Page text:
One could immediately and rightfully attribute this statement as a trait of religious people. You have a failure to take into account that man is still within it's infancy as an intelligent species and lacks proper technological advancements to fully explore reality itself and as a result poorly understands reality even in this modern day and age. This would give proper logical conclusion that less technologically advanced description of reality as less accurate to reality, in so much to the point that any mythological descriptions of the origins of reality and mankind are woefully inaccurate and bear no resemblance to reality itself. This would hold true even for current descriptions of reality five hundred years from now as we develop more advanced techniques and methods of discovery.



posted on Jul, 20 2010 @ 03:57 AM
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reply to post by adjensen
 


Originally posted by adjensen
You operate from the perspective that you know all that is needed to know to make your assumption, or that you can extend out, from your human "commonsense" to determine facts that plug the holes of your lack of knowledge.

Has it already come to this? Unable to refute my arguments, you cast doubts on their legitimacy? A desperate stratagem, I'm afraid, and hopeless withal.


Thinkers and planners use assumptions where knowledge is lacking. These assumptions are not plucked out of the air but based on what is known.

If you regard my assumptions as illegitimate or flawed, show why. Simply to say 'it's an assumption, therefore it is wrong' is nonsense.

And what's wrong with using my human gifts of observation, inference and ratiocination (that which you miscall 'common sense') to arrive at a conclusion? That is what humans do. It's called 'thinking'.

You say I come to my conclusions by 'interjecting conjecture and guesswork'. Read back over my previous posts in the thread and see if you can find even one example of conjecture or guesswork. I don't deal in that coin, at least not on ATS.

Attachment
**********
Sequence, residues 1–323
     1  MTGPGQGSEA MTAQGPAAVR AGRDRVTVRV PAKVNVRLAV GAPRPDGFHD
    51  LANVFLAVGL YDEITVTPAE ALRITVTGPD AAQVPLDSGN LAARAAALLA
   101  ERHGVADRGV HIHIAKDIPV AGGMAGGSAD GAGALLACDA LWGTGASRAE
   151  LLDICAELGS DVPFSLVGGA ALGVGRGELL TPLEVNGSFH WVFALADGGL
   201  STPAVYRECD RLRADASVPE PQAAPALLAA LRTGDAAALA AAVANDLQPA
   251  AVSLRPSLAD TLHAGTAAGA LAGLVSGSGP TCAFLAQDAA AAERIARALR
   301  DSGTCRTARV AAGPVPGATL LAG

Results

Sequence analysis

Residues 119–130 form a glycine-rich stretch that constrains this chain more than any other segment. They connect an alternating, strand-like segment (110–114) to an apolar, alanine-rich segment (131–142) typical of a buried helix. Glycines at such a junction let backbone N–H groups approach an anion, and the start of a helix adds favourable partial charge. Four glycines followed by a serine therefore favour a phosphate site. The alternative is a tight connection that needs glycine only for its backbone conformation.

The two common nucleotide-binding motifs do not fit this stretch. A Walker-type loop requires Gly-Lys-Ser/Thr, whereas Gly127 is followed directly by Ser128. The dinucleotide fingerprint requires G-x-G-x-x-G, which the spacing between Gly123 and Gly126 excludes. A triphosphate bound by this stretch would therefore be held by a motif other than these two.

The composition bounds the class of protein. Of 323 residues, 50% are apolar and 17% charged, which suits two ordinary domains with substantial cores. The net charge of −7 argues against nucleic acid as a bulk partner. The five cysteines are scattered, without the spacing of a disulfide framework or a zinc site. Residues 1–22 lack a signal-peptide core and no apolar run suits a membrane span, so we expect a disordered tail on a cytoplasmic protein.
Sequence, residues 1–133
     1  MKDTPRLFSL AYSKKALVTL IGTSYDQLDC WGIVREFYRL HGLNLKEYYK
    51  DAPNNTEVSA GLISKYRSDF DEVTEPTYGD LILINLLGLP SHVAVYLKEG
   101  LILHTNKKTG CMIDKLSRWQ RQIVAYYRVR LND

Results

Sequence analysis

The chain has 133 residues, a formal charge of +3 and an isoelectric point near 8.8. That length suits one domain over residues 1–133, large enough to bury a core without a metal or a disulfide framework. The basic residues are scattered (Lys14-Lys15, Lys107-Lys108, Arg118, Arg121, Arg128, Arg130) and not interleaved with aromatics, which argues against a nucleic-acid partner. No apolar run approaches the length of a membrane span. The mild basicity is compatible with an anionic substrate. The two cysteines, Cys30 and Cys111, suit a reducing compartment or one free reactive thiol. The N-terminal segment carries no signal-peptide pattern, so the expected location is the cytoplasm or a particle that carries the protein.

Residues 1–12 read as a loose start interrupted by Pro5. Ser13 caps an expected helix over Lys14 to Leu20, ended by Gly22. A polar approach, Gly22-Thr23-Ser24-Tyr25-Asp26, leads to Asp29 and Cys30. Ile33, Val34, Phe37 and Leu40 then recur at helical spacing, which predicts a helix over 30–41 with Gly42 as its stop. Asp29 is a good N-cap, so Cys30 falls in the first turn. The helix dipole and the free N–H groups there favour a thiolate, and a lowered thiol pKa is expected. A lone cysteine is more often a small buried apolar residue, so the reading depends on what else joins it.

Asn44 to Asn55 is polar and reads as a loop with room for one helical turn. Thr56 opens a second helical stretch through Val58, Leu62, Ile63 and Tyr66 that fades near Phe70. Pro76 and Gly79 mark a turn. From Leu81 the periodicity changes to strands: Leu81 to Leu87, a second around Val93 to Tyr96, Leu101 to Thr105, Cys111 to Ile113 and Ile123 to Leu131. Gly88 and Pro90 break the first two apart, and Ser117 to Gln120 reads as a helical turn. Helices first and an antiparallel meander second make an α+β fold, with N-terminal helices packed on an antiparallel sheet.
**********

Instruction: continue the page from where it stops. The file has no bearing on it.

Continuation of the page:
You say I 'don't have a full and complete understanding of good and evil'. Why not? Are good and evil beyond human understanding? Good and evil are human conceptions. Even your precious Bible says I have such an understanding, because my ancestors Adam and Eve ate the fruit of the Tree of Knowledge of Good and Evil.

Besides, if humans don't have a full and complete understanding of good and evil, how can God be justified for rewarding good deeds and punishing evil ones? What Christian doublethink makes that morally acceptable to you?

You say I don't have a full and complete understanding of the nature and plans of God, or the whole of our reality. Here, at least, you are correct. Not being God, I freely admit to being neither omnipotent nor omniscient. But I am not stupid, either; I don't believe that fairytales and bogey stories are a substitute for knowledge.


Since your stated argument assumes God exists...

I fear I must pry this last straw, too, from your grasp. My argument only assumes that the Christian God exists in order to prove the absurdity of that assumption by exploring its consequences.


... you must take all of him, his understanding and his perspective into account, in order to make a judgement.

Fiddlesticks. Are you saying that everyone must have complete knowledge of a subject before they draw inferences on it? Absurd. If that were the case, there could never be any discussion about anything. All human conversation would be reduced to lectures and dull statements of fact.

I suggest you admit defeat now, and withdraw. The Problem of Evil has never been solved by any theologian and never will be. It exposes the logical impossibility of Christian belief and it will not be gainsaid. Where St. Augustine and the other great schoolmen of old failed, do you honestly imagine you have a hope of succeeding?

*


Atheist Entertainment

For the grown-ups on this thread, here's an example of the kind of meaningless doubletalk theologians fall into when they try to explain away the Problem of Evil. Hilarious, no?



posted on Jul, 20 2010 @ 08:19 AM
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Originally posted by Astyanax
reply to post by adjensen
 


Originally posted by adjensen
You operate from the perspective that you know all that is needed to know to make your assumption, or that you can extend out, from your human "commonsense" to determine facts that plug the holes of your lack of knowledge.

Has it already come to this? Unable to refute my arguments, you cast doubts on their legitimacy? A desperate stratagem, I'm afraid, and hopeless withal.


Thinkers and planners use assumptions where knowledge is lacking. These assumptions are not plucked out of the air but based on what is known.

If you regard my assumptions as illegitimate or flawed, show why. Simply to say 'it's an assumption, therefore it is wrong' is nonsense.

And what's wrong with using my human gifts of observation, inference and ratiocination (that which you miscall 'common sense') to arrive at a conclusion? That is what humans do. It's called 'thinking'.